< Theatre Notebook
Vol. 64, No. 3
Epilogues, Prayers after Plays, and Shakespeare's 2 Henry IV
Epilogues to plays of Shakespeare’s period may be have been addressed to the audience, and leading up to a jig, or they may have been addressed to the Monarch if she or were present, or may have been a prayer for the Monarch. Examples are given of such epilogues.
An Early Pioneer of the New Drama: Charles Charrington, Actor-Manager and Fabian Socialist
Charrington appeared on stage from 1882 to 1912, particularly in Shaw and Ibsen. He and his wife, Janet Abchurch, were leading actors in the Ibsen campaign of the 1890s. They were in Australia from September 1889 to November 1891 with A Doll’s House. He was active in the Fabian Society, and a member of the Fabian Society Executive for a while. He lectured for the Society, eg on the “Modern Theatre” or the “Ideal Theatre”, supporting municipal theatres and eventually a National Theatre.
Tickets, Critics and Censorship: The Royal Court, The Spectator & The Arts Council of Great Britain 1969-70
In October 1969 the Royal Court withdrew complimentary tickets from Hilary Spurling, theatre critic of The Spectator. She had ridiculed the Royal Court for their Macbeth in 1966, and then in 1969 had walked out of a performance of Over Gardens Out. Several London publications then said that they would not review the Royal Court until Spurling’s complimentaries were restored. The Arts Council, who gave a substantial grant to the Royal Court, decided to withhold the grant until they were restored, saying that critics must not be censored by theatres that received a public subsidy. Details of discussions and letter are given, mainly from Arts Council Archives.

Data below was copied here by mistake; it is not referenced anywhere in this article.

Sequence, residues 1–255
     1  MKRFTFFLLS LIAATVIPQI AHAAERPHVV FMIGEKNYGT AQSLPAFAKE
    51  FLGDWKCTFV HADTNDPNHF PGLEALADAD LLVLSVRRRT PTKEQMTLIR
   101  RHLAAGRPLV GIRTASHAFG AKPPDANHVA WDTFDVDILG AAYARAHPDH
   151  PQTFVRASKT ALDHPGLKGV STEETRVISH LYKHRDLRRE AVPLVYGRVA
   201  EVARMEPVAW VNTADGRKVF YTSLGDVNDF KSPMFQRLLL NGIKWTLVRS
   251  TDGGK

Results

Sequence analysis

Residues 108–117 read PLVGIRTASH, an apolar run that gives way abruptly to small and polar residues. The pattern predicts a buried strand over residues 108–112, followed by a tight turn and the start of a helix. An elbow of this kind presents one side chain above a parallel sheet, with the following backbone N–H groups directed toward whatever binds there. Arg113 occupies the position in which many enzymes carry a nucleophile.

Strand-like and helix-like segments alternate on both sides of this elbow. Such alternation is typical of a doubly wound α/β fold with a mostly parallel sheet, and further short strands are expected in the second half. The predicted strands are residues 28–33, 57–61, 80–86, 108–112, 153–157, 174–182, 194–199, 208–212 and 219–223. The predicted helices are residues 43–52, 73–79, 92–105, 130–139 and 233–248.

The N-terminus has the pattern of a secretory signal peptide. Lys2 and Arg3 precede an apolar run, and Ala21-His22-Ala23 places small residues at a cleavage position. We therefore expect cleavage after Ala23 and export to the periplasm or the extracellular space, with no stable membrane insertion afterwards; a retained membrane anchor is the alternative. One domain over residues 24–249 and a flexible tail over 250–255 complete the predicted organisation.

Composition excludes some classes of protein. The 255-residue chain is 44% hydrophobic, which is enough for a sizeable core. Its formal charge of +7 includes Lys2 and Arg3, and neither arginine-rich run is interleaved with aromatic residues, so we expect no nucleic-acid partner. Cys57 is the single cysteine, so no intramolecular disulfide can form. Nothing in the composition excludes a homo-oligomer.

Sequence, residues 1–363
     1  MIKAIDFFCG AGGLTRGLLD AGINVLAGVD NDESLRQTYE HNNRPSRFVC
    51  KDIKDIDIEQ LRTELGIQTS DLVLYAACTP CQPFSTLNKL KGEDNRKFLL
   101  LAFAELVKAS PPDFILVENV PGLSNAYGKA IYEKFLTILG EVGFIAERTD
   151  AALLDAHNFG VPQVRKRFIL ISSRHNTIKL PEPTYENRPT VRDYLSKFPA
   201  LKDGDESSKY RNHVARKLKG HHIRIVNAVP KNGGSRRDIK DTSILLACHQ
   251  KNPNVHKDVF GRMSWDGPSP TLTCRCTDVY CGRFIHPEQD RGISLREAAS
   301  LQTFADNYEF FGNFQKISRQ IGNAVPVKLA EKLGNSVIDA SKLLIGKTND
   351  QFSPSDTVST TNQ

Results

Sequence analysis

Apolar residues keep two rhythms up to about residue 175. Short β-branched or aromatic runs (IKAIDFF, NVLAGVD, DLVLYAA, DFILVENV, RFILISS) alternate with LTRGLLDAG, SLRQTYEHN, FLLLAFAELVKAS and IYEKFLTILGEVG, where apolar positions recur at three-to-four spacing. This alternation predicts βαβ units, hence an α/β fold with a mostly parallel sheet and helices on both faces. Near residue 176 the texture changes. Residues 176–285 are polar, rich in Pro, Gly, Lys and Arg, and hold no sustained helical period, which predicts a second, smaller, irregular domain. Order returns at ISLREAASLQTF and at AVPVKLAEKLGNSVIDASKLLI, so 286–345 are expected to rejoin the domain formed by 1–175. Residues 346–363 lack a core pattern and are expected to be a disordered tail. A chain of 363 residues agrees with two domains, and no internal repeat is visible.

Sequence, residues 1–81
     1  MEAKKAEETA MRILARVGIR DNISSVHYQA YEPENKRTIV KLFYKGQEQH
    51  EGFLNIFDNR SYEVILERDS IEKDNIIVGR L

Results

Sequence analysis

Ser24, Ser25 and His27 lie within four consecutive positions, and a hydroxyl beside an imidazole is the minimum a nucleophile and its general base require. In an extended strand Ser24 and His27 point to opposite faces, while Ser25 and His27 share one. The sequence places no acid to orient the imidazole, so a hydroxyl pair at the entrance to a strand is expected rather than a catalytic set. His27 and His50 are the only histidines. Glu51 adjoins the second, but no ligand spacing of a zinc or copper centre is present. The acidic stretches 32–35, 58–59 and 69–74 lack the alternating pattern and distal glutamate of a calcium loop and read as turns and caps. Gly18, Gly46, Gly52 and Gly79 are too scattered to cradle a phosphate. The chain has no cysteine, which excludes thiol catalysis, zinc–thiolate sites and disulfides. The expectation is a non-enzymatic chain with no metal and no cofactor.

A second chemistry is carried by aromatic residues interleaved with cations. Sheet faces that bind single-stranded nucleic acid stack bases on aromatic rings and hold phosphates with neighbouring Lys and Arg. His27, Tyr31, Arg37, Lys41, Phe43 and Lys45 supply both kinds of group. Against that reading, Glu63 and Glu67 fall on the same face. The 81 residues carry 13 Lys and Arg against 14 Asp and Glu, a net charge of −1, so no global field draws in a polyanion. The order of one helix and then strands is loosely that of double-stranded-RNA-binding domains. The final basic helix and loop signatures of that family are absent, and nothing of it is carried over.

The Cambridge Introduction to Modern British Theatre
Mr Dickens & Master Betty
The Changing Language of Modern English Drama 1945-2005
Epilogues, Prayers after Plays, and Shakespeare’s 2 Henry IV –§– An Early Pioneer of the New Drama: Charles Charrington, Actor-Manager and Fabian Socialist –§– Tickets, Critics and Censorship: The Royal Court, The Spectator & The Arts Council of Great Britain 1969-70.
NOTES AND QUERIES
Swords of Edmund Kean
Kean’s sword, used in Richard III, has been handed down through Irving and others. It is now held by the Olivier family, and another one by the V & A, and another one by the Coward Collection!
The National Archives list of theatrical additions to collections.